Samantha Bunten: How B/R launched my career in sports media
Four years ago, while wasting away in an art sales job that I was neither good at nor remotely interested in, I ran across Bleacher Report while searching online for articles on the Cleveland Indians during my then-usual attempt to find a way to pass eight hours in the office without lapsing into a coma.
My interest piqued by a piece comparing Curtis Granderson and Grady Sizemore (Hello, 2007), I registered for the site and began posting comments. I then received a “call for entries email” from B/R for a contest asking writers to submit a piece on Super Bowl XLII.
Long a closeted, aspiring sportswriter whose work mostly consisted of pieces read only by immediate family and close friends and never published at all, I decided I’d give it a shot. After agonizing over the piece for days (and my roommate holding me at fork-point to force me to submit it), I finally gave in and posted it. The article ended up short-listed for the winning entry, and thus inspired me to keep writing for B/R.
I started as a contributor to an Indians roundtable run by another writer and occasionally producing solo content, and a year later I took over the roundtable and began writing regularly about the Indians and the Browns. I then spent two years as an Indians and Browns Featured Columnist, during which time I was able to pick up enough odds and ends of freelance sportswriting work to establish myself as a sportswriter and radio host, but not enough to pay the bills
Then, a year ago, I got a Facebook message from the COO of CineSport, the company that creates the video content for most major newspapers (New York Post, Boston Globe, Los Angeles Times, etc.), asking if I would be interested in interviewing for the Senior Sports Editor position at the company. I got the job on the spot, and have been with CineSport for just over a year.
I write original content, have the final edit on all written material produced by the company, am the contact person for the editors in chief of major newspapers all over the country and oversee a staff of junior writers and production assistants. Additionally, my radio show was picked up by ESPN and I’ve contributed freelance work to ESPN.com, NFL.com and the Cleveland Browns website.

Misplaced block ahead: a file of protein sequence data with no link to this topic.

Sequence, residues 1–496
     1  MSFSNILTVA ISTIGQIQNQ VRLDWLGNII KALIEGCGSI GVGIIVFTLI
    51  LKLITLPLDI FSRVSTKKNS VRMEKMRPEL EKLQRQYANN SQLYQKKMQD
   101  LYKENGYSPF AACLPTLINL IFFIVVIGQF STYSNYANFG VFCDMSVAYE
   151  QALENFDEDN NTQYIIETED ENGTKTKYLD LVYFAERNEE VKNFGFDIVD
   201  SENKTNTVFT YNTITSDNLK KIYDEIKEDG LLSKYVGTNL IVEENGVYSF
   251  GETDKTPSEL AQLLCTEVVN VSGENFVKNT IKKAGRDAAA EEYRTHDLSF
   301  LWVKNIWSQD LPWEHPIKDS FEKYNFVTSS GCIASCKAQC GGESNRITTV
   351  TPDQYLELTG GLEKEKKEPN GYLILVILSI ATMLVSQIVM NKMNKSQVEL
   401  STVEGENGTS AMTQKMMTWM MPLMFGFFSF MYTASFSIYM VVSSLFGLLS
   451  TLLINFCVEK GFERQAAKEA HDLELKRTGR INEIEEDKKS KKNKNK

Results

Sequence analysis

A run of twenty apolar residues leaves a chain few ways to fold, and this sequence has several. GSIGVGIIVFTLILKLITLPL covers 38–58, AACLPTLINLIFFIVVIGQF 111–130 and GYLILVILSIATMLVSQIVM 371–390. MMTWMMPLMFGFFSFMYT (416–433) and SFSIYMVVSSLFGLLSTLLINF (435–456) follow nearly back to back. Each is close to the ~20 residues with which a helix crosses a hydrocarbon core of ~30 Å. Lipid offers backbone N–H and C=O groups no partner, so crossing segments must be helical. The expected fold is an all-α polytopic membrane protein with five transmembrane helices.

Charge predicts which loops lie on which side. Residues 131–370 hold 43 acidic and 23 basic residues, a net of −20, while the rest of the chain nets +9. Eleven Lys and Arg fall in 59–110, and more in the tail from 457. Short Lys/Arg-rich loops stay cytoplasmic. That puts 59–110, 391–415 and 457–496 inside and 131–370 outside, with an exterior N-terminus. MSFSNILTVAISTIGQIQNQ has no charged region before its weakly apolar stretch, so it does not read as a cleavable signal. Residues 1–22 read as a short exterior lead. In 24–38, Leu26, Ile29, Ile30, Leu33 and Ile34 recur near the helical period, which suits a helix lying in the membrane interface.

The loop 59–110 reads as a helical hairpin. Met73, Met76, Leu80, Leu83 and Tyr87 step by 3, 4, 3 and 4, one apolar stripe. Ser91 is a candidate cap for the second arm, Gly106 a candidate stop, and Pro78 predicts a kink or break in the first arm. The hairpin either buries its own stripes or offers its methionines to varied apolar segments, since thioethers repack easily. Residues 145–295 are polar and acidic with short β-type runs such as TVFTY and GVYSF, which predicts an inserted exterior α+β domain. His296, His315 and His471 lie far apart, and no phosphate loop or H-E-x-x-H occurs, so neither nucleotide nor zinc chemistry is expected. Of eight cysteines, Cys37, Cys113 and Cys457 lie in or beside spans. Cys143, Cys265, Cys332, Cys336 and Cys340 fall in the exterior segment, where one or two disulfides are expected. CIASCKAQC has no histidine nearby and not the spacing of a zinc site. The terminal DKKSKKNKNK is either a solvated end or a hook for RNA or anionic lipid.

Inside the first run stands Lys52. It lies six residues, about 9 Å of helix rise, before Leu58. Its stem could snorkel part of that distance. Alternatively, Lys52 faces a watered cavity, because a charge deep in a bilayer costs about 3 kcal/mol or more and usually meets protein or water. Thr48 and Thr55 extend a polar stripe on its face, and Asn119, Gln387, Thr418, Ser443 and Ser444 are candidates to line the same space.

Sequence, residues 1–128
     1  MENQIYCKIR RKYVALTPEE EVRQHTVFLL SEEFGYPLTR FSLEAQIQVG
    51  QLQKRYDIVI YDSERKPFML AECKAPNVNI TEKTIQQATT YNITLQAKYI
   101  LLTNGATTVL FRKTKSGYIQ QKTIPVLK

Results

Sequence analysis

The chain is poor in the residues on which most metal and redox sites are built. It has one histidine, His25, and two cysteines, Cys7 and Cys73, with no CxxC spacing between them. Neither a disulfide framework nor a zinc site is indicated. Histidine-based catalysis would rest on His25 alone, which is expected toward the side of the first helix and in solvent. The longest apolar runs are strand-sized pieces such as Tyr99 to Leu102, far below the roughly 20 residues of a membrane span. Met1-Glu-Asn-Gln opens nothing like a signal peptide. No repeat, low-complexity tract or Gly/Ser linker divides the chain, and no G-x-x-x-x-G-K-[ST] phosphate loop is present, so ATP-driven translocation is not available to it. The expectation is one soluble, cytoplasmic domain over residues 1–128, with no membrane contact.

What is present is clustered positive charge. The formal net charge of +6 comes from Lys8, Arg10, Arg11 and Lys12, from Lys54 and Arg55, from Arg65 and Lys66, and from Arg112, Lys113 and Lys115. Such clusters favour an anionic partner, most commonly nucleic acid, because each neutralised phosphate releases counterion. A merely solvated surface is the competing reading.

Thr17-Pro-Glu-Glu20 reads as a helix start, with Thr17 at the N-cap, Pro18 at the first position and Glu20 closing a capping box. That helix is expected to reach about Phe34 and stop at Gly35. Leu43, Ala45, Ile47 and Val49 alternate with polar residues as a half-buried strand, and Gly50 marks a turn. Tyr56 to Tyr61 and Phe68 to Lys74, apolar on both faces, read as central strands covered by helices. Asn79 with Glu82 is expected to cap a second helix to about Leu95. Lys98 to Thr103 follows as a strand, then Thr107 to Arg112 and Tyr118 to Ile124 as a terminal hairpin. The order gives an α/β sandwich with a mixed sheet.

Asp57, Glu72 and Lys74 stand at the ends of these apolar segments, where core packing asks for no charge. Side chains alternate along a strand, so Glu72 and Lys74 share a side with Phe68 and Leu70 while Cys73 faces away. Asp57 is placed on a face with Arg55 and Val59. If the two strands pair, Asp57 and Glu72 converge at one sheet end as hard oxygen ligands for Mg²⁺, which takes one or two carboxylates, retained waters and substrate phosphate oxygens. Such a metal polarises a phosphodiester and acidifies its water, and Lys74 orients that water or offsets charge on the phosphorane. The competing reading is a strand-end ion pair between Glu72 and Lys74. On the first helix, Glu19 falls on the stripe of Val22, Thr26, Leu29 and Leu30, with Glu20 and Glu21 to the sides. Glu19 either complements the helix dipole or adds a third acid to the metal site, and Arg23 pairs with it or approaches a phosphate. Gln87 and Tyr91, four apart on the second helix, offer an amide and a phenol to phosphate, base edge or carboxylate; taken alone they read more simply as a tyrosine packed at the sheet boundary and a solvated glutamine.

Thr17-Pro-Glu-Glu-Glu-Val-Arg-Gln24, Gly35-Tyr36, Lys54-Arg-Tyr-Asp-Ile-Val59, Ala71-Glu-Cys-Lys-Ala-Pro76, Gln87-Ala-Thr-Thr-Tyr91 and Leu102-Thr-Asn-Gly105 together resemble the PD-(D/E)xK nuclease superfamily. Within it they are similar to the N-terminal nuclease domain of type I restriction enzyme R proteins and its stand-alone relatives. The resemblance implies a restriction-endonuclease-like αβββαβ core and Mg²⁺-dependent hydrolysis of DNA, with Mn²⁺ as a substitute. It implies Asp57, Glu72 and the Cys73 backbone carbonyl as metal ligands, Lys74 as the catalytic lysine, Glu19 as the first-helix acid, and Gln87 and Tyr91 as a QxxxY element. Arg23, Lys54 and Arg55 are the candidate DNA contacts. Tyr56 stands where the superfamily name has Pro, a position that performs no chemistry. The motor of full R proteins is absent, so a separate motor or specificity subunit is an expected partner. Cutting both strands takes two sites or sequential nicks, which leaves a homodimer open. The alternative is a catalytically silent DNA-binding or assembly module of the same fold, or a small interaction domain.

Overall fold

I wish I could say I thought I got lucky, but the reality is that it took a really long time to establish myself to the point where I was targeted for such opportunities. I spent four years writing for free or for nominal fees. It was tedious, frustrating and financially difficult, but in the end, it paid off in spades.
And the reason it paid off? The exposure I got as a writer for Bleacher Report.
Both CineSport and ESPN contacted me because they found my work on B/R. I hadn’t applied for either job. The powers-that-be at these sports powerhouses were searching B/R, looking for job candidates.
It’s a good lesson for anyone frequently exasperated by the thought that plagues every amateur sportswriter: Is anyone with hiring power actually reading this stuff?
The answer, it turns out, is a definite yes.
I am eternally grateful to Bleacher Report for the opportunity it gave me to showcase my work. Through a combination of hard work on my part and the willingness of B/R to give its writers ample promotion, I now hold a senior position in sports media.
Oh, and the last two junior writers I hired at CineSport both had Bleacher Report writing backgrounds. It was the first place I looked when I needed to find new talent.
Truly, B/R gives as good as it gets. If you share your talents, hard work and sports knowledge, the site will in turn share your work with the world.
I know that at times, attempting to get a break as a sports journalist feels like being stuck on a treadmill, endlessly running but never getting anywhere.
Keep writing, and know that editors like me across the sports media world look first to B/R to find upcoming talent. Find what you’re passionate about. Write about it. And then someday, we’ll find you.
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